In 2014, Hong Kong rejected a proposed ‘universal suffrage’ system because the CCP would have chosen who goes on the ballot for Chief Executive. In 2021, Beijing officially passes its ‘improvements’ to Hong Kong’s election system and assumes control of who goes on all ballots.
The attention-grabbing features are: a) all candidates will have to be pre-approved by a committee; and b) the proportion of Legislative Council seats elected by the public will be drastically reduced, while a new, much larger bloc of lawmakers, will (in effect) be appointed by Beijing.
The SCMP mentions that the Candidate Eligibility Review Committee will have an odd number of members in order to avoid any tied votes. What the story doesn’t say is that this idiotic detail is aimed at diverting your attention from what is actually happening: the committee – like the bodies whose candidates it vets – will be a rubber-stamp, taking orders from Beijing’s officials, via the NatSec shadow-government and the HK Police NatSec and Art Censorship Dept. (The committee will comprise senior government officials ‘trusted’ by Beijing. If the idea of a government and the cops vetting election candidates sounds weird, don’t worry – it’s all for show.)
The Committee for Safeguarding National Security of the HKSAR shall, on the basis of the review by the department for safeguarding national security of the Police Force of the HKSAR, make findings as to whether a candidate for member of the Legislative Council meets the legal requirements and conditions of upholding the Basic Law of the Hong Kong Special Administrative Region of the People’s Republic of China and swearing allegiance to the Hong Kong Special Administrative Region of the People’s Republic of China, and issue an opinion to the Candidate Eligibility Review Committee of the HKSAR in respect of a candidate who fails to meet such legal requirements and conditions.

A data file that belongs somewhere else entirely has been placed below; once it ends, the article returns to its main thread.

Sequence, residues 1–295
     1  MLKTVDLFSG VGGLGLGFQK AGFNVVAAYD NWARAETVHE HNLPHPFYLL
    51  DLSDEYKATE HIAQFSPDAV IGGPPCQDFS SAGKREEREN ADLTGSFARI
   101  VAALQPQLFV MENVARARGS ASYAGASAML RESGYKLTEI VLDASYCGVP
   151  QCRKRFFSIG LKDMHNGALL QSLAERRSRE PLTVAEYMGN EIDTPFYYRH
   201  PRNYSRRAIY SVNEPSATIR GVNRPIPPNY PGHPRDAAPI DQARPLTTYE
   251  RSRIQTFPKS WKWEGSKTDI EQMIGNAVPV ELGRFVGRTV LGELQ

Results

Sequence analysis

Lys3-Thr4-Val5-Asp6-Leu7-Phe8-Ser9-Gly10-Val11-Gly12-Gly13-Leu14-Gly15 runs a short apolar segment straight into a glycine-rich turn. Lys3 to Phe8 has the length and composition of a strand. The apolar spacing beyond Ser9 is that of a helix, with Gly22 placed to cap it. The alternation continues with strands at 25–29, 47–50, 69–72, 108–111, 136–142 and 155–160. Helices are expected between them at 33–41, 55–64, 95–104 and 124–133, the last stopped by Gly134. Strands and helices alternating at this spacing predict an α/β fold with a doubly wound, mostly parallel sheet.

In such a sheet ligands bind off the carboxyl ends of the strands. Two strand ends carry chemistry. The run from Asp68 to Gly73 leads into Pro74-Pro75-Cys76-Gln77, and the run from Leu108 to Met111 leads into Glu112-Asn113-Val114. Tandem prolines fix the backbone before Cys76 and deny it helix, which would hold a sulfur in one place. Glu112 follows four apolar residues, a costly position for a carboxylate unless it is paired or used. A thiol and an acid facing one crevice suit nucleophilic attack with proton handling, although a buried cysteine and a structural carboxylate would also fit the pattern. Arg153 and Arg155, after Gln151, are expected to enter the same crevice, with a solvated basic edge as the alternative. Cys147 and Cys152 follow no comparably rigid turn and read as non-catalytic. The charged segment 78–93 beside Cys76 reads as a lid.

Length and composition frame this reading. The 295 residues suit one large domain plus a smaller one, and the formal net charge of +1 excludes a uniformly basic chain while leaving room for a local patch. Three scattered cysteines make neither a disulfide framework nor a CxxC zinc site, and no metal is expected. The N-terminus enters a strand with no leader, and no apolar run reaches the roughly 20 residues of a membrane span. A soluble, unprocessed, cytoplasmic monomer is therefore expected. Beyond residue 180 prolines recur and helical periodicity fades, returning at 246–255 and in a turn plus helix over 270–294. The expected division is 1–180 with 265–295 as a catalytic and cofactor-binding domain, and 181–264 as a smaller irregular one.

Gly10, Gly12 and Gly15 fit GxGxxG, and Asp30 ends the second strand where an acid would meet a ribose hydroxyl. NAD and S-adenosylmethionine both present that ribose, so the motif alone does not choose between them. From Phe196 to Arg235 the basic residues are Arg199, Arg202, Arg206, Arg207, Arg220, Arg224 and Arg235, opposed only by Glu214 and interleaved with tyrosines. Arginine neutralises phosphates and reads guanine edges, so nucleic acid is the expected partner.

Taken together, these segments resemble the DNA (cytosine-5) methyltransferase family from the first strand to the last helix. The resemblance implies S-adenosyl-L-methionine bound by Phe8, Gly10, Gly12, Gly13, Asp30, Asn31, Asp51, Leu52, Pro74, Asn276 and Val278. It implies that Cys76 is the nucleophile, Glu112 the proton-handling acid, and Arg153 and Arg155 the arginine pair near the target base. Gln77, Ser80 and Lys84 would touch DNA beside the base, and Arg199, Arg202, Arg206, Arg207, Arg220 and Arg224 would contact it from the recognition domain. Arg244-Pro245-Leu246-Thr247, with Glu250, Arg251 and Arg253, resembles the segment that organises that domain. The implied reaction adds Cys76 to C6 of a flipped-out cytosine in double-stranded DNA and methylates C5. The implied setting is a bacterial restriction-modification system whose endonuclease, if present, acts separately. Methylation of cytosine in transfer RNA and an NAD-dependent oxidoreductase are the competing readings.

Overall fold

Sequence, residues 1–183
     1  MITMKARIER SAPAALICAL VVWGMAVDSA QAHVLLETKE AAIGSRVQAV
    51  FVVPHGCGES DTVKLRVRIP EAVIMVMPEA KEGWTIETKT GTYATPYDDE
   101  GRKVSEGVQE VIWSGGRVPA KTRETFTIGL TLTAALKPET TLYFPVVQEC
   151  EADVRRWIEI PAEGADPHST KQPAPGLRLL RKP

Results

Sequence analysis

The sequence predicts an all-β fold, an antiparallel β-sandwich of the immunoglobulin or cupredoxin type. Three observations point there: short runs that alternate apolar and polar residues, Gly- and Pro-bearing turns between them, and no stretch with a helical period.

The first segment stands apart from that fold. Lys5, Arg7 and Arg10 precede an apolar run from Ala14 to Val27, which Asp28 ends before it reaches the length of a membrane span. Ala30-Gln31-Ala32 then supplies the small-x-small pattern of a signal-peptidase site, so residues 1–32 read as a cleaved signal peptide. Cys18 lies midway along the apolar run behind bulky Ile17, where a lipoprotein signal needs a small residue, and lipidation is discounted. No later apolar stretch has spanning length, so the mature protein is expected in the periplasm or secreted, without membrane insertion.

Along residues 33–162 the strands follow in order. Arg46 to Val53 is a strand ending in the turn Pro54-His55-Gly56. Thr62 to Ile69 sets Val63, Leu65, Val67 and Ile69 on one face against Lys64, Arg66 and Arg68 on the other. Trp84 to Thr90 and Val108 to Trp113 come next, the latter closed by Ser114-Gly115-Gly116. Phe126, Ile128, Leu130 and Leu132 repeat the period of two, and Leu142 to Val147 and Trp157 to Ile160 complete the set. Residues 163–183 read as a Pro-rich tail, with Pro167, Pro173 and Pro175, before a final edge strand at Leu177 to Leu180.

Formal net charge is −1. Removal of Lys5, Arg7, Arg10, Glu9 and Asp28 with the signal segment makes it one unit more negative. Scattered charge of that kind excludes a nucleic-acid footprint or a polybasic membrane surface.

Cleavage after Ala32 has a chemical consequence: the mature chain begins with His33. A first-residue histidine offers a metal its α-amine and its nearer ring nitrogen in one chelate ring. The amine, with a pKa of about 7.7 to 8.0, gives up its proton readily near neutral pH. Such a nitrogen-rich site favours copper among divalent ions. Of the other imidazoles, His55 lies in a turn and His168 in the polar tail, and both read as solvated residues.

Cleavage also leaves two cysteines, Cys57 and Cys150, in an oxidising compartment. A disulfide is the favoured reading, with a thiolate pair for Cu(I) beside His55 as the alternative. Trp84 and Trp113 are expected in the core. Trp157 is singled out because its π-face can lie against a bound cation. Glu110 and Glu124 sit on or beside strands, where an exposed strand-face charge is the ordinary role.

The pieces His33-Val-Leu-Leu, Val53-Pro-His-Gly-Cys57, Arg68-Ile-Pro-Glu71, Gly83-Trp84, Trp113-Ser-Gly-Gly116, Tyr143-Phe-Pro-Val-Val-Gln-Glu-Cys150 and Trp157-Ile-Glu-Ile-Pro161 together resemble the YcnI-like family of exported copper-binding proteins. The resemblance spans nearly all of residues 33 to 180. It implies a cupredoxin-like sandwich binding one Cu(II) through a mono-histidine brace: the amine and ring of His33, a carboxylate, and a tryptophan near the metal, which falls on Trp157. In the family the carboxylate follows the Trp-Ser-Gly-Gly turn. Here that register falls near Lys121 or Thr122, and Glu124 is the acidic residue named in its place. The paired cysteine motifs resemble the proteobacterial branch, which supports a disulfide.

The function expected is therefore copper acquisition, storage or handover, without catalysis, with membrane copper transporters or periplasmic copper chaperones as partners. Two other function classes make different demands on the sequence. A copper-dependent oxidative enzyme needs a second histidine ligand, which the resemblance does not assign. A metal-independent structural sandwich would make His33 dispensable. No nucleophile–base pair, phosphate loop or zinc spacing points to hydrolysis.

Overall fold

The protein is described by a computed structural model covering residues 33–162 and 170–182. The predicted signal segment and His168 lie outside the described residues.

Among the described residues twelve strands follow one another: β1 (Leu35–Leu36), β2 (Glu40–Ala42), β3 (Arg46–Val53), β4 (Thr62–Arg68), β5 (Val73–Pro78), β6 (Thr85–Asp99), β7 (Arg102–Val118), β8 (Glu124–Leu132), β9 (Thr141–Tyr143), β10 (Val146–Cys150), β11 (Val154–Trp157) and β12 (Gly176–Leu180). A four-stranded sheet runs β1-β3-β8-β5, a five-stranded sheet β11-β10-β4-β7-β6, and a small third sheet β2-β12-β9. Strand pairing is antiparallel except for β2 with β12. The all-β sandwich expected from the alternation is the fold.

In short, no pan-dems (give or take a stooge or two) will be allowed to run. However, the absurd overkill in the new framework – both vetting of candidates and addition of a large number of appointed LegCo seats – indicates that the idea is also to threaten pro-Beijing figures with vetting, and in any case to dilute their numbers in the legislature. This is essentially Beijing shoving everyone aside and taking full control over the legislature, thus rendering it a pure rubber stamp (as it has with the Executive branch).
Not content with the headline ‘improvements’, Beijing is also reducing the role of human voters in some functional constituencies by boosting the presence of corporate votes (though FC candidates will also be vetted), and replacing district council members on the CE Election Committee with appointees (in the guise of district fight-crime and other boards). Geeks will be fascinated to hear that the LegCo elections will use the ‘binomial’ voting system, but the rest of us can ignore it. (OK – if you must.)
The details of all this are tedious – but to repeat: that is deliberate. The idea is to make it look like there is a real process at work when in fact, behind the scenes, all outcomes are decided in advance by Beijing’s officials. Elections in Hong Kong are now, finally, so painstakingly rigged that they might as well not happen.